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The University of Sydney 1 PRIVATE NETWORK INTERCONNECTION (NAT AND VPN) & IPv6 NETS3303/3603 Week 7.

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Presentation on theme: "The University of Sydney 1 PRIVATE NETWORK INTERCONNECTION (NAT AND VPN) & IPv6 NETS3303/3603 Week 7."— Presentation transcript:

1 The University of Sydney 1 PRIVATE NETWORK INTERCONNECTION (NAT AND VPN) & IPv6 NETS3303/3603 Week 7

2 The University of Sydney 2 Expected outcomes Need for VPN How NAT also addressed address shortage Motivation for IPv6 –What’s wrong with IPv4 –How does IPv6 address this What else does IPv6 introduce Knowing about issues with transition from v4 to v6

3 The University of Sydney 3 Definitions An internet is private if none of the facilities or traffic is accessible to other groups Involves using leased lines to interconnect routers at various sites of the group The global Internet is public –facilities shared by all subscribers

4 The University of Sydney 4 Hybrid Architecture Permits some traffic to go over private connections Allows contact with global Internet

5 The University of Sydney 5 The Cost Of Private And Public Networks Private network extremely expensive Public Internet access inexpensive Goal: combine safety of private network with low cost of global Internet How can an organization that uses the global Internet to connect its sites keep its data private? Answer: Virtual Private Network (VPN)

6 The University of Sydney 6 Virtual Private Network Connect all sites to global Internet Protect data as it passes from one site to another –Encryption –IP-in-IP tunnelling A VPN sends across the Internet, but encrypts intersite transmissions to guarantee privacy

7 The University of Sydney 7 Example Of VPN Addressing And Routing

8 The University of Sydney 8 Example VPN With Private Addresses Advantage: only one globally valid IP address needed per site

9 The University of Sydney 9 General Access With Private Addresses Question: how to provide multiple computers at the site access to Internet services without assigning each computer a globally-valid IP address? Two answers –Application gateway (one needed for each service) through multi-homed host –Network Address Translation (NAT)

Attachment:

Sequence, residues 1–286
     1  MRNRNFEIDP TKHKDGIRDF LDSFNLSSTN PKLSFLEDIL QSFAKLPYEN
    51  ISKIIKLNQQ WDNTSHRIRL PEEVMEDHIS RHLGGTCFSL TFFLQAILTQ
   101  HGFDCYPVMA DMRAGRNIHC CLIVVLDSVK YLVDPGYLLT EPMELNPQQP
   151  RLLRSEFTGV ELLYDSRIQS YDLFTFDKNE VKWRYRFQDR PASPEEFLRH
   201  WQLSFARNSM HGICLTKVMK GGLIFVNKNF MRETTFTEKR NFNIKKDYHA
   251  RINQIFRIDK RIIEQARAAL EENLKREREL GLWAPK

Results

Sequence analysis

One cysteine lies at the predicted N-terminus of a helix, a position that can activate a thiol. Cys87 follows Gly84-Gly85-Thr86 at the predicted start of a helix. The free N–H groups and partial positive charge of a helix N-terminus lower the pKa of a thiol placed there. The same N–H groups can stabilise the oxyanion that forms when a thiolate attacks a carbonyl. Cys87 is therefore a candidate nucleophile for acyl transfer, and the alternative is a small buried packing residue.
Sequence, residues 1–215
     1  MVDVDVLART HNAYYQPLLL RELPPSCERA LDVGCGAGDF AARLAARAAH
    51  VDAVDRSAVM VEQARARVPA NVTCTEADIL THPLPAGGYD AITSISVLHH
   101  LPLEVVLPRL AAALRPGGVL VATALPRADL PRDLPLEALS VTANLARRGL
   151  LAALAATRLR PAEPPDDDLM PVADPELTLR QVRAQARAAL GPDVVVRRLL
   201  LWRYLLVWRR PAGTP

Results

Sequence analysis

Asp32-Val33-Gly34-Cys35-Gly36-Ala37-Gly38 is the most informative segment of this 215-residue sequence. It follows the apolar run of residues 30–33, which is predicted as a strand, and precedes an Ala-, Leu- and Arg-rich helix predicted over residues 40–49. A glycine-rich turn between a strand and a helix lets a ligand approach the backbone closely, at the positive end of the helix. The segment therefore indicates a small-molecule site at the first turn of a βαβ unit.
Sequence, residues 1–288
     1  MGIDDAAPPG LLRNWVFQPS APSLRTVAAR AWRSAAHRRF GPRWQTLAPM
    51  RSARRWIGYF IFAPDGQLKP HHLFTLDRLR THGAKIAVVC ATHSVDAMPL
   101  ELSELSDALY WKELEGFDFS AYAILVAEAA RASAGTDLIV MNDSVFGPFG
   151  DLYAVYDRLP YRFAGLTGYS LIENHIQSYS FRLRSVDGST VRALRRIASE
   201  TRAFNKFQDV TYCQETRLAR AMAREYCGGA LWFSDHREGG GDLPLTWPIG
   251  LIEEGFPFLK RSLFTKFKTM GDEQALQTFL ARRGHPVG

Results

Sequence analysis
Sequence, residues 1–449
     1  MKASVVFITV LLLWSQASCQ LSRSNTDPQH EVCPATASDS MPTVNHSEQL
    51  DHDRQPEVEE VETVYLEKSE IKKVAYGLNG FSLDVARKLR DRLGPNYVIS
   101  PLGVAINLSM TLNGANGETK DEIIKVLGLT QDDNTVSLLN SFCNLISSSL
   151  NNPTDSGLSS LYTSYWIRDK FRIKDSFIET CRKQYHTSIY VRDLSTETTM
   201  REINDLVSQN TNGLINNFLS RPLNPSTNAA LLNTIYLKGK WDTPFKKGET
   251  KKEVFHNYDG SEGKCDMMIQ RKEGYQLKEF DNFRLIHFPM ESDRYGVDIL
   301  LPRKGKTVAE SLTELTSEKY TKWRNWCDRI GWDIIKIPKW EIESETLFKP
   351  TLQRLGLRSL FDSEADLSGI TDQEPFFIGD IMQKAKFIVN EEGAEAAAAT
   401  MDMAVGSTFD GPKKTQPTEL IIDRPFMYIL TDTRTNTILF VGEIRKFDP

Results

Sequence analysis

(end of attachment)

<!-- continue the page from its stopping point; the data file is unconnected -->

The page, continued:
10 The University of Sydney 10 Network Address Translation (NAT) Extension to IP addressing IP-level access to the Internet through a single IP address Transparent to both ends Implementation –Typically software –Usually installed in IP router –Or special-purpose hardware for highest speed

11 The University of Sydney 11 Network Address Translation (NAT) II Pioneered in Unix program slirp Also known as –Masquerade (Linux) –Internet Connection Sharing (Microsoft) Inexpensive implementations available for home use

12 The University of Sydney 12 NAT Details Organization –Obtains one globally valid address per Internet connection –Assigns nonroutable addresses internally (net 10) –Runs NAT software in router connecting to Internet NAT –Replaces source address in outgoing datagram –Replaces destination address in incoming datagram –Also handles higher layer protocols (e.g., pseudo header for TCP or UDP)

13 The University of Sydney 13 NAT Translation Table NAT uses translation table Entry in table specifies local (private) endpoint and global destination Typical paradigm –Entry in table created as side-effect of datagram leaving site –Entry in table used to reverse address mapping for incoming datagram

14 The University of Sydney 14 Example NAT Translation Table Variant of NAT that uses protocol port numbers is known as –Network Address and Port Translation (NAPT)

15 The University of Sydney 15 Higher Layer Protocols And NAT NAT must –Change IP headers –Possibly change TCP or UDP source ports –Recompute TCP or UDP checksums –Translate ICMP messages –Translate port numbers in an FTP session

16 The University of Sydney 16 Applications And NAT NAT affects ICMP, TCP, UDP, and other higher-layer protocols; except for a few standard applications like FTP An application protocol that passes IP addresses or protocol port numbers as data will not operate correctly across NAT –p2p applications are major suffers

17 The University of Sydney 17 VPN Summary Virtual Private Networks (VPNs) combine the advantages of low cost Internet connections with the safety of private networks –VPNs use encryption and tunnelling NAT allows a site to multiplex communication with multiple computers through a single globally valid IP address NAT uses a table to translate addresses in outgoing and incoming datagrams

18 The University of Sydney 18 IPv6 and migration methods NETS3303/3603 Week 7